Dr. Trina Peduzzi has been working with babies as a community pediatrician for the last 16 years and has taken care of hundreds of children with lead poisoning.
“Most parents who get the phone call from me are completely unaware that their child was exposed to lead,” she said. “If we do not look for this problem we will not find it.”
The Allegheny County Board of Health on Wednesday approved a regulation requiring children in Allegheny County to be tested for lead in their blood.
The board unanimously approved the regulation that would call for two tests. The first would be performed when a child is 9-12 months old and a second at 2 years.
Parents can opt out and there would be no penalty if a pediatrician does not offer the test, which is usually covered by insurance.
Allegheny County Health Department Director Karen Hacker said, as it stands, the rate of lead testing among 1-year-olds in the county is not acceptable.
“We took all the births that happened in 2015 and then we looked at 2016 to see how many of those individuals had gotten a lead test,” Hacker said. “In the vast majority of the county, under 50 percent had gotten tested.”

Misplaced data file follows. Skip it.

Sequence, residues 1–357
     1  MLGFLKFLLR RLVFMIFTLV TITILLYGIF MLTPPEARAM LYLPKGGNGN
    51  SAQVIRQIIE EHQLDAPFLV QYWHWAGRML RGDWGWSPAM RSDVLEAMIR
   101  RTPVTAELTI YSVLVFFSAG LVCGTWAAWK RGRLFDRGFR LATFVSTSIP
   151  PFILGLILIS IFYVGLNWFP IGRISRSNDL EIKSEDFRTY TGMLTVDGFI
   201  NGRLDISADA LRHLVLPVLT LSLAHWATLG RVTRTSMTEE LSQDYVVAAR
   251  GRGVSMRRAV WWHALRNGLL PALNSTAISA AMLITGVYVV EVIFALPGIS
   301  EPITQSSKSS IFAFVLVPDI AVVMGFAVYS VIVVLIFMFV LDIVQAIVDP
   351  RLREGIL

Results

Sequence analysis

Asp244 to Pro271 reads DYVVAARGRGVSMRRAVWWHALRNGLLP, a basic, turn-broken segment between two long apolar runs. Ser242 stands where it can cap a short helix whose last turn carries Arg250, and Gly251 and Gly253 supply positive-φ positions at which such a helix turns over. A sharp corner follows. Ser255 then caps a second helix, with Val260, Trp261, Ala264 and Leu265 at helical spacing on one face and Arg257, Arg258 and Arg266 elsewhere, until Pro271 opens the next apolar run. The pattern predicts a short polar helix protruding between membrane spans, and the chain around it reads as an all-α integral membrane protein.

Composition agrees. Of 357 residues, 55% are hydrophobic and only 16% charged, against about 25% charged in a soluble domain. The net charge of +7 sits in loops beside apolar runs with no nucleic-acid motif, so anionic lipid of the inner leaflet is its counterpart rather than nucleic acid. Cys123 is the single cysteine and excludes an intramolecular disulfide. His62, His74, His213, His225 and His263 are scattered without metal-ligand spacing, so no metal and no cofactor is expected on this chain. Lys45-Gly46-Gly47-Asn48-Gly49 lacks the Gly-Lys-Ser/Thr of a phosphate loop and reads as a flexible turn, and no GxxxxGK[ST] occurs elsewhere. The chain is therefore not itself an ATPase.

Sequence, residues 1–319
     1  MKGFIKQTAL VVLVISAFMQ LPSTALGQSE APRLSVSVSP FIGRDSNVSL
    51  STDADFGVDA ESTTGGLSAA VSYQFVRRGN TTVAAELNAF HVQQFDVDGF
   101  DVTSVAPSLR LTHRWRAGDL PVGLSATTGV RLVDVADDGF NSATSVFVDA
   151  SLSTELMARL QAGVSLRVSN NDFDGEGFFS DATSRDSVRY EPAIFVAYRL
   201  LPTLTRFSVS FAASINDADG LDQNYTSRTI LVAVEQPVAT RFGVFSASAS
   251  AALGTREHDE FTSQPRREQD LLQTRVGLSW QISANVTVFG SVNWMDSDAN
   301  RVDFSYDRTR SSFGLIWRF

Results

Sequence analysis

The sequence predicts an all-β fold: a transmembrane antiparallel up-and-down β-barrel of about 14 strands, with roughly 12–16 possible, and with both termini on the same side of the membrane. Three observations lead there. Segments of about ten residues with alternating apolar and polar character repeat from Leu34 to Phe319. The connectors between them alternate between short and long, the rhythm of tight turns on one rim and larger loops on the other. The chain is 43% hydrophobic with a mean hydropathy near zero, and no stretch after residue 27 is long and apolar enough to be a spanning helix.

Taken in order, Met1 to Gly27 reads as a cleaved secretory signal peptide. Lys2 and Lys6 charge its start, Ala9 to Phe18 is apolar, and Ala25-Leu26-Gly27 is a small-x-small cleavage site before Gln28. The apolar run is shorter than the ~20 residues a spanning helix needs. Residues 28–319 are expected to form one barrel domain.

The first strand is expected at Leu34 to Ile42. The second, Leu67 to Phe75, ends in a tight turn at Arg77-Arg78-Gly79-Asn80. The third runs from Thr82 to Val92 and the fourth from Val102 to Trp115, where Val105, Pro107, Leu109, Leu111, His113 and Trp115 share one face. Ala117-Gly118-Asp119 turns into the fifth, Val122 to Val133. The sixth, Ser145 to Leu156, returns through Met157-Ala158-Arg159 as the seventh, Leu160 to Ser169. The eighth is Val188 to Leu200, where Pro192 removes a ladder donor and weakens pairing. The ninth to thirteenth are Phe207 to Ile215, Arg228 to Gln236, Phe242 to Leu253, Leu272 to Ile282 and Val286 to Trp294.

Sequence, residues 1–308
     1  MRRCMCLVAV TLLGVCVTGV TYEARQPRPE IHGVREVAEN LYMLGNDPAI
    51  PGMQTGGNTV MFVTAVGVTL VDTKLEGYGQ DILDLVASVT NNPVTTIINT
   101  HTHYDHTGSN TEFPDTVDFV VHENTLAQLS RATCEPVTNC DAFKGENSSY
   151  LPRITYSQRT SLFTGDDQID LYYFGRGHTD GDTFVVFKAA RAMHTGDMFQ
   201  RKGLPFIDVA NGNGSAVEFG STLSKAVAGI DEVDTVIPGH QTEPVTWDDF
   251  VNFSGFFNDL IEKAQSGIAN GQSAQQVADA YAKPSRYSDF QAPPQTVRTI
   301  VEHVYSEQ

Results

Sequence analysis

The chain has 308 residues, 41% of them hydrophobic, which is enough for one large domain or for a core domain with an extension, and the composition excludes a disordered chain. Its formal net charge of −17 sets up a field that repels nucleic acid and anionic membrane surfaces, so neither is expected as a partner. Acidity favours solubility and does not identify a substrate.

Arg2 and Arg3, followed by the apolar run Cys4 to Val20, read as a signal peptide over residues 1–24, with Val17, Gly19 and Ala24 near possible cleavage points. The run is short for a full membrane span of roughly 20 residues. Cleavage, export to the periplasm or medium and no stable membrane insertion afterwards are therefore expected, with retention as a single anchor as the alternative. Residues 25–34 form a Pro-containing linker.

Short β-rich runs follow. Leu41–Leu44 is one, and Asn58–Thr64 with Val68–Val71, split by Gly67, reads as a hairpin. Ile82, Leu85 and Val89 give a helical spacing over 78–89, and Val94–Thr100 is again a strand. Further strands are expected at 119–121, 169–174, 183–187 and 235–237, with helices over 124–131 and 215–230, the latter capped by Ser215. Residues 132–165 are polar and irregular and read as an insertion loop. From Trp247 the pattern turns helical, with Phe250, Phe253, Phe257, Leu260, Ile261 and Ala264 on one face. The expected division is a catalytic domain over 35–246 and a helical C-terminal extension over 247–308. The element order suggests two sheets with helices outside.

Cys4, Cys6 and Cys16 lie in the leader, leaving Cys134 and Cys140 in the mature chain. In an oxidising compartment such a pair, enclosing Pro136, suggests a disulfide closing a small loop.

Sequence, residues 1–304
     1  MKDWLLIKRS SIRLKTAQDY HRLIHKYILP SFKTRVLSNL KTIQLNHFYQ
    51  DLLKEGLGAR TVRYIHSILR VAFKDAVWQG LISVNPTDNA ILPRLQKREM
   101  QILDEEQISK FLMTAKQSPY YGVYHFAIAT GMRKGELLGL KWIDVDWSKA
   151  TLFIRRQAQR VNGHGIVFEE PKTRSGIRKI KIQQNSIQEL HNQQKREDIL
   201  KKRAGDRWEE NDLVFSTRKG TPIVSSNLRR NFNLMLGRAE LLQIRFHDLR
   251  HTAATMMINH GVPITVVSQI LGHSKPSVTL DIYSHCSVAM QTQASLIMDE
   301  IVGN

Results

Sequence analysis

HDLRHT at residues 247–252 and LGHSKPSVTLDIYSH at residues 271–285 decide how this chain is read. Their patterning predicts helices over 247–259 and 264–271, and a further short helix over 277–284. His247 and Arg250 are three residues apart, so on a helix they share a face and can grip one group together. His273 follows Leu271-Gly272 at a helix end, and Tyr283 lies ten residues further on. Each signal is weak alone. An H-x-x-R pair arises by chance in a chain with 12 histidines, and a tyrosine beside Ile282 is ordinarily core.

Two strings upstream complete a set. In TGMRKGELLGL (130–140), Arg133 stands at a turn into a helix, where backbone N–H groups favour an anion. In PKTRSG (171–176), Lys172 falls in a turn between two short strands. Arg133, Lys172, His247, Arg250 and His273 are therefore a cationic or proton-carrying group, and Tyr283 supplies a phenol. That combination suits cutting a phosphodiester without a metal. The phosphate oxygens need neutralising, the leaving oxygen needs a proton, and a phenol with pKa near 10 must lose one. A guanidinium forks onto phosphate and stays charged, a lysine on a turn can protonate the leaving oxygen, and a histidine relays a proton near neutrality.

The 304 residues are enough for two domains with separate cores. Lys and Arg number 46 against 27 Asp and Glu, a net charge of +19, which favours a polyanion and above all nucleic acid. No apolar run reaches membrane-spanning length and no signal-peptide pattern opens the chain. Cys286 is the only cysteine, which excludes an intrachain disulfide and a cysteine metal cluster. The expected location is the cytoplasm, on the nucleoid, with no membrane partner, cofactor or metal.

Under the regulation, if a child would test with levels between 5 and 9 micrograms of lead per deciliter of blood, parents would be given information about how to lower lead exposure risks. Above that, the county would offer home lead remediation help.
Jennifer Magill, of West View, spoke against the measure before the vote.
“The board’s plan to begin regulating mandatory testing of children in Allegheny County for elevated levels of lead in their blood is a misguided attempt to rectify a long standing problem in our community,” she said.
Magill said families should be offered remediation at the 5 microgram level.
Others who spoke against the regulation said they felt the county was overreaching.
Hacker said the detection effort would be coupled with a public education effort that is expected to help build awareness, which she said she hopes will prompt more parents to look for ways to lower risk in their homes.
Erika Fricke, health policy director at Allies for Children, spoke in favor of the regulation and said children in the region are at high-risk.
“It’s an old housing stock community, we’ve got exposure from previous industrial businesses here and so it’s important that it’s something that every family be attended to,” she said.
The regulation must still be approved by Allegheny County Council and signed by the county executive.